Carousel Rogues’ music is a good time.
I came to that realization this fall during a road trip through central Pennsylvania. We were cruising under blue skies through autumn-gold hills when the aux cord guardian started pumping Seize the Day through the speakers. The vibe of the music instantly fit the drive like a soundtrack.
It’s a vibe that’s got a golden feel to it; melodic guitar hooks, shimmering vocal lines, and the kind of clever, rhythmic pop lyrics that are both immediately catchy and begging for a second listen, lest you miss the quick-witted quips woven throughout. It’s musically intricate stuff, too; songs like “Cut Me Cleanly” (please watch the music video) are laden with instrumental interludes and progressions that are sure to earn nods of approval from music nerds.
My favorite part of Carousel Rogues, though, is the sense of fun that pervades the band’s music. From the driving, garage-band energy of “Seize the Day” to the engaging, stop-and-start trickery of “The Last Hurrah”, Carousel Rogues’ musical catalog is eclectic, but it’s consistently infused with joy.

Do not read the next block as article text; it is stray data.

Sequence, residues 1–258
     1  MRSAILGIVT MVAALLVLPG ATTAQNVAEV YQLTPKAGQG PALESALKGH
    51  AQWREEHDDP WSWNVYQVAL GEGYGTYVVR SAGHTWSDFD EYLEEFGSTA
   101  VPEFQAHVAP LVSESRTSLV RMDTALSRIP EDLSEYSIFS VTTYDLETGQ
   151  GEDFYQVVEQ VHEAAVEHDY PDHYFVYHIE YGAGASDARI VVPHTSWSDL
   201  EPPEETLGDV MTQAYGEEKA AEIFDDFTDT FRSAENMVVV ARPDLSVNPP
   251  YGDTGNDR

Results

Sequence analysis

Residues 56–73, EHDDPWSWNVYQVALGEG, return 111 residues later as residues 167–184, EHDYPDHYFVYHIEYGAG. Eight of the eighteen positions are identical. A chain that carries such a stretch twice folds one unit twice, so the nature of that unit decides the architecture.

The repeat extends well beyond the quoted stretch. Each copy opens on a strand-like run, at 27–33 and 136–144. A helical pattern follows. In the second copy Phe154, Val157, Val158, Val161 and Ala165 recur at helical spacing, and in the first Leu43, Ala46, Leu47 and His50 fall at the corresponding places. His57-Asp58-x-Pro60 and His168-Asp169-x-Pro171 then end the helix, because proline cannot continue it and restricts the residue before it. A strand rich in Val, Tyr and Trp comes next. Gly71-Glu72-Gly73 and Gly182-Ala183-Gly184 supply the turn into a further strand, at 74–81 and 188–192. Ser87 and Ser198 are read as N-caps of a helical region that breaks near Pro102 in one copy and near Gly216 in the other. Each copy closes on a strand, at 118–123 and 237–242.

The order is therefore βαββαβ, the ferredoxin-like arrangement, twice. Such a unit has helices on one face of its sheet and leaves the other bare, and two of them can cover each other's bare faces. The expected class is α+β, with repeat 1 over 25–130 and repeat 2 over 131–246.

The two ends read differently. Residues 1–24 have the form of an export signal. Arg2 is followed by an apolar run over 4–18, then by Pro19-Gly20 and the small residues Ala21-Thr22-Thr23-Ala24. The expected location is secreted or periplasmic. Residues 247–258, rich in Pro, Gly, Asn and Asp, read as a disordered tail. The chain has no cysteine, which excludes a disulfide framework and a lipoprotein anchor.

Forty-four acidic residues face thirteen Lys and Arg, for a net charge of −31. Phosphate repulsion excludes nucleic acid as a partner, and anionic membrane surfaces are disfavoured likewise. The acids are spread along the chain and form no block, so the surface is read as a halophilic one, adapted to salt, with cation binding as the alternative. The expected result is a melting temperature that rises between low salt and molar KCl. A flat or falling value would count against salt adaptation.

So, roll down the windows, turn up the stereo, and join in on the fun. Then, circle back here for a look at how the band makes music that’s such a good time, and learn how things came together for the bright-sounding, darkly comedic “Cut Me Cleanly”.
And, be sure to check out their website here.
When did you start writing songs? How’d you get into it?
Caitlin: I started writing music in high school. There was this crop of young female singer songwriters popping up on the radio, and I wanted to try my hand at it. It wasn’t until college, though, that I figured out how to write the kind of songs I wanted to. I realized I wanted to write for a band. Zach and Dan started gradually writing more and more once they were in the band.
Why do you write songs? What’s your goal when you write a song?